Directed by Chris Norris and written by Norris, Jesse Armstrong, Sam Bain, and Simon Blackwell, Four Lions is a satirical film about four young Islamic men who become part of an Islamic terrorist group in Britain. During their attempts to become terrorists, the four men try to create chaos in Britain in hopes to become a huge threat. Starring Riz Ahmed, Kayvan Novak, Nigel Lindsay, Adeel Akhtar, Arsher Ali, Craig Parkinson, and Benedict Cumberbatch. Four Lions is a funny and captivating film from Chris Norris.
Omar (Riz Ahmed) is a security guard who wants to be part of Jihad terrorist group in Sheffield led by the White convert Barry (Nigel Lindsay) is also an ill-tempered local Islamic leader in Sheffield. Along with the dim-witted Waj (Kayvan Novak) and the willing Faisal (Adeel Akhtar), the four men try to figure out what to do as Omar gets a chance to go to Pakistan for Jihad training. With Waj joining him, the training doesn’t go well due to Waj’s incompetence and Omar accidentally firing a bazooka at a nearby terrorist camp. Upon their return home, Barry had already recruited a young man named Hassan (Arsher Ali) to the group as he suggests to blow up a Mosque so they can rile up angry Muslims to join their cause.
Omar isn’t sure about Barry’s plans as he reluctantly goes along with it until an idiotic neighbor (Julia Davis) dances with Hassan as she nearly compromises everything they do. With all of their tools needed to create explosives are nearly exposed, the five men decide to move everything where things go from bad to worse. Omar becomes more unsure as he tries to figure out what to do where he gets an idea to target the London Marathon. The men agree to go to London yet things become more complicated as it involves the police and a negotiator (Benedict Cumberbatch).
The film is essentially about four young men and a brash White Islamic convert all trying to create a terrorist plot in Britain in hopes that it would give rise to the Muslim cause against Western society. What happens to them is that a lot of things go wrong in their attempt as it involves a mix of men who really shouldn’t be terrorists as they’re either very stupid or just naïve to believe that they could make a difference. At the heart of the film is this young man who believes in the cause as he has a family and a nice job though he becomes more confused once things start to screw up even more.
The script succeeds in fleshing out characters and the situations they embark although there’s moments where a few scenes seem to meander at times due to the overflow of dialogue that is present. Yet, it’s the humor that makes the film very exciting as Chris Norris’ direction which is always very engaging with lots of wide shots of the Sheffield and London locations with Spain being the Pakistan location. The direction is very wild while mostly straightforward to emphasize what the men are doing as there’s intimate moments but also raucous moments. Particularly as it features moments where some parts of the film is shot on video cameras as if it’s a security camera or a night-vision camera where the police tries to uncover the plot. Overall, Norris creates a solid yet witty film about terrorism gone horribly wrong.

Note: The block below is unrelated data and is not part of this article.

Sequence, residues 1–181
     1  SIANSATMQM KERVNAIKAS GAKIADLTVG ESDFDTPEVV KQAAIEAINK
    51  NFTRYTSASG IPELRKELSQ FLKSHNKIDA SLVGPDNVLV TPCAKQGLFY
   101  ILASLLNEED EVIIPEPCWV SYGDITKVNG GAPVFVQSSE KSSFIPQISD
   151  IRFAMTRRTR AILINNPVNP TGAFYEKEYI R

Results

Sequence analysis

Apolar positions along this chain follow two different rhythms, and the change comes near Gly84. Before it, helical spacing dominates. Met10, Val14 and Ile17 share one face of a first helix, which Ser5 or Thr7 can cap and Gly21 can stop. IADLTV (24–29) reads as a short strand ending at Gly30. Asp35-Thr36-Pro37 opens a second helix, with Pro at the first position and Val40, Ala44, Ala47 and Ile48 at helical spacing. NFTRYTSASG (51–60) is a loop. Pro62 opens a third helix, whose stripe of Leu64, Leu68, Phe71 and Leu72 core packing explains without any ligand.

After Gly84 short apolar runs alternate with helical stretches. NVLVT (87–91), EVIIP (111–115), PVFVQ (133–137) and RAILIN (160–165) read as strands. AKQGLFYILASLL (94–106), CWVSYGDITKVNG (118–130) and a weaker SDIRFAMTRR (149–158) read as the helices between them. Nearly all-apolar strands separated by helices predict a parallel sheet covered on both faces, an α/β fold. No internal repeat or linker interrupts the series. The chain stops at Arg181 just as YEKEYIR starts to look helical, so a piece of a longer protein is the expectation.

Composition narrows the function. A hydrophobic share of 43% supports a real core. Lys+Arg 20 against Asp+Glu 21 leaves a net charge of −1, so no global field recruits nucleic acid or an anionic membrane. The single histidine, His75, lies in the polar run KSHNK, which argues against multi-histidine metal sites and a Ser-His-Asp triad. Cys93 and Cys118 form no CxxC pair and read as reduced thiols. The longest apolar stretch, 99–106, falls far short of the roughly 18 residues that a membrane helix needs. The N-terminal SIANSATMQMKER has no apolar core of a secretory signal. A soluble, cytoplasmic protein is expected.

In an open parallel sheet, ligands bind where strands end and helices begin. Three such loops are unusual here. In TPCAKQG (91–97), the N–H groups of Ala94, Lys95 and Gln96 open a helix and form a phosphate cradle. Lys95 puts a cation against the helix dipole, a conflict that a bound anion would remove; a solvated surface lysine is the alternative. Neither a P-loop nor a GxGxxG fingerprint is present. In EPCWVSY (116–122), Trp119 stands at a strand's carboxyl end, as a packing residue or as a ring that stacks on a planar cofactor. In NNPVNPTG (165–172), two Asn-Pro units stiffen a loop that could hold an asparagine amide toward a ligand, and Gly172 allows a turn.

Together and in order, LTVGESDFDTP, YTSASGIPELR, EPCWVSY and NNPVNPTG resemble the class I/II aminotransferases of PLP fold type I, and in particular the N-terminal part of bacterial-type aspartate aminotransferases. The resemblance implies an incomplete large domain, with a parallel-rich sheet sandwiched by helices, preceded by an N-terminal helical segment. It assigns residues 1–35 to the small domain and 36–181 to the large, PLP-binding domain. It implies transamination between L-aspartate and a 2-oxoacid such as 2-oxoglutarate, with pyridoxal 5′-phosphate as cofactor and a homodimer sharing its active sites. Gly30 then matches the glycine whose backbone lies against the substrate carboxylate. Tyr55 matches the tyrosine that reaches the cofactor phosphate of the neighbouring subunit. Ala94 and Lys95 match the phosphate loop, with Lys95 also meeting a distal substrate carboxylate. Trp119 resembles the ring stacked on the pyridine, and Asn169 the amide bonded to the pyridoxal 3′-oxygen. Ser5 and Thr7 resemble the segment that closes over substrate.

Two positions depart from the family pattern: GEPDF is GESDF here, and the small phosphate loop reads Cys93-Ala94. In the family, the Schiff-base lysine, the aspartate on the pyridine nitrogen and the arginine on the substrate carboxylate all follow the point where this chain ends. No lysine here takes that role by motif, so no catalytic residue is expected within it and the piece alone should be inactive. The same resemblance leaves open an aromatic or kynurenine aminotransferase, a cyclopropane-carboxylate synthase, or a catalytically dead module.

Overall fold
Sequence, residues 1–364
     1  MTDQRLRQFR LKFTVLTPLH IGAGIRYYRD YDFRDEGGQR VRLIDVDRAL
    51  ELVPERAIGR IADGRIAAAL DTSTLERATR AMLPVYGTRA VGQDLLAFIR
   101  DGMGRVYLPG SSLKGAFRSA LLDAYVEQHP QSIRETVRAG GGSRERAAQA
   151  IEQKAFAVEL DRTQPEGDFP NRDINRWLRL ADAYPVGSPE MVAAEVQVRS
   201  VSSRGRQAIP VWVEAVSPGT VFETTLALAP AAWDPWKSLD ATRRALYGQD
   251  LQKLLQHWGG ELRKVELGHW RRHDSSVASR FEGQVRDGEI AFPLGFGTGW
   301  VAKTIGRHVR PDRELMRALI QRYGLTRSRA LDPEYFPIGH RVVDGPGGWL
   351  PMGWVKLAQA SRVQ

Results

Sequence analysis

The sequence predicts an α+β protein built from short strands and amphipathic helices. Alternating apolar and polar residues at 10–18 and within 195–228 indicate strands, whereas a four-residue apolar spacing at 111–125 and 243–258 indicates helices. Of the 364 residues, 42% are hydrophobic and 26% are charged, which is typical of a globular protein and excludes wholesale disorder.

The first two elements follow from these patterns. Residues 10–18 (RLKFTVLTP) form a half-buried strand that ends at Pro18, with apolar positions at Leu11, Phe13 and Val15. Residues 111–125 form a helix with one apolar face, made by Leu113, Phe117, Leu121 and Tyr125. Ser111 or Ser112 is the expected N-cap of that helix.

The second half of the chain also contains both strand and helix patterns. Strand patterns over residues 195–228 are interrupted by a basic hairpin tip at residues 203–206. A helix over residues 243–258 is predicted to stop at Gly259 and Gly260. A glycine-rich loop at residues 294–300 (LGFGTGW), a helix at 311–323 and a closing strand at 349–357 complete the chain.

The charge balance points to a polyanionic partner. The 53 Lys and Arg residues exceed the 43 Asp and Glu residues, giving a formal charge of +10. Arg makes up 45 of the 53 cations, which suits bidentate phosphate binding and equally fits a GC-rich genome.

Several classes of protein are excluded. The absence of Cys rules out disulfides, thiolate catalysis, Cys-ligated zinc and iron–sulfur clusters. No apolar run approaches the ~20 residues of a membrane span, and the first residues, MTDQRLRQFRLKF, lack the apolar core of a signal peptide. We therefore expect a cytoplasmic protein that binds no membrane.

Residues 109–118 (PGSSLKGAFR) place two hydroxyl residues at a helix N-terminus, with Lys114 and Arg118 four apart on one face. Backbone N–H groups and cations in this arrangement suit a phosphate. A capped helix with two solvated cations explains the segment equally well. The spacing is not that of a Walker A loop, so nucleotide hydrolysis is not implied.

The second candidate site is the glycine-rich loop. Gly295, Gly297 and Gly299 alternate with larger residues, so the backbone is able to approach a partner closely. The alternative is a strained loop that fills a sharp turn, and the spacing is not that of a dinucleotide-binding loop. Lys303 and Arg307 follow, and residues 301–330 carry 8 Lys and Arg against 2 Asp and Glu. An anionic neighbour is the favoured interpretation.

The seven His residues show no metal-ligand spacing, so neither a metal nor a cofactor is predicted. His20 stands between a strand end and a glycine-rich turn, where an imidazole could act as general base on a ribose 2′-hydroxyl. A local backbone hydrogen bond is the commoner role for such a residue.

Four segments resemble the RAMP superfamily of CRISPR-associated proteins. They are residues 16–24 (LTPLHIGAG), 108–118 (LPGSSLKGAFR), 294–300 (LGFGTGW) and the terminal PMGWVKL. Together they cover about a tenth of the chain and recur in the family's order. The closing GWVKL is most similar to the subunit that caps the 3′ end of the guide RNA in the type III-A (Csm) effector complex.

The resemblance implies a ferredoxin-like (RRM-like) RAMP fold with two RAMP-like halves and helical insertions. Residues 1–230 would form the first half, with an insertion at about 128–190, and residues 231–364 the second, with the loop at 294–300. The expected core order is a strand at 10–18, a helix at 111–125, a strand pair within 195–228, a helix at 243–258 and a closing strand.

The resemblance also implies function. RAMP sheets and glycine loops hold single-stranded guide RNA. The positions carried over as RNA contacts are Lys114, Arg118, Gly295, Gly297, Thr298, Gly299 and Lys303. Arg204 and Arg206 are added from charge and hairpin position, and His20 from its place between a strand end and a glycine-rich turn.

Cinematographer Lol Crawley does an excellent job with the film‘s photography from its colorful look for the Sheffield scenes to the grainy video camera work for the security and night-vision camera shots. Editor Billy Sneddon does a very good job with the editing as it’s mostly straightforward while having some wonderful rhythmic cuts for some of the funnier moments in the film. Production designer Dick Lunn, along with set decorator Duncan Wheeler and art director Julie Ann Horan, does some nice work on the set pieces such as the room where Barry creates his own video clips to express his plans to the world.
Costume designer Charlotte Walter does a fine job with the costumes as it‘s mostly casual with its mix of Muslim attire to complement the environment. Sound recordist Malcolm Hirst does a superb job with the sound to capture all of the chaos in the locations including its action scenes. Music supervisor Phil Canning does a brilliant job in creating a diverse soundtrack ranging from traditional Muslim music to modern Muslim music with its mix of hip-hop, classical, and rock to complement the modern world they live in.
The casting by Des Hamilton is wonderful as it features a great ensemble that includes Preeya Kalidas as Omar’s kindly wife, Julia Davis as dim-witted neighbor, Craig Parkinson as Omar’s good-hearted co-worker, and Benedict Cumberbatch in a very funny role as a negotiator who spouts very lewd comments about women’s body parts. Arsher Ali is very good as the hip-hop loving yet very naïve Hassan while Adeel Ahktar is excellent as the reluctant yet willing Faisal. Kayvan Novak is wonderful in a funny role as Waj who wants to impress the Jihad group despite not being very smart as he’s often confused about what to do. Nigel Lindsay is hilarious as the brash but unorganized leader Barry who tries to get things his way only to not fully realize what could be done. Finally, there’s Riz Ahmed in a superb performance as the determined yet conflicted Omar who wants to carry out his deed while being troubled by the countless screw-ups that is happening.
Four Lions is a funny and entertaining comedy from Chris Norris. While terrorism seems like an unlikely subject to be made fun of, Norris and his team is able to create something that is engaging as well as being satirical to what terrorists try to do. It’s also a very human film about what young Islamic men want to do in the belief that they’re fighting for something bigger though they endure countless screw-ups along the way. In the end, Four Lions is a stellar yet humorous film from Chris Norris.
© thevoid99 2011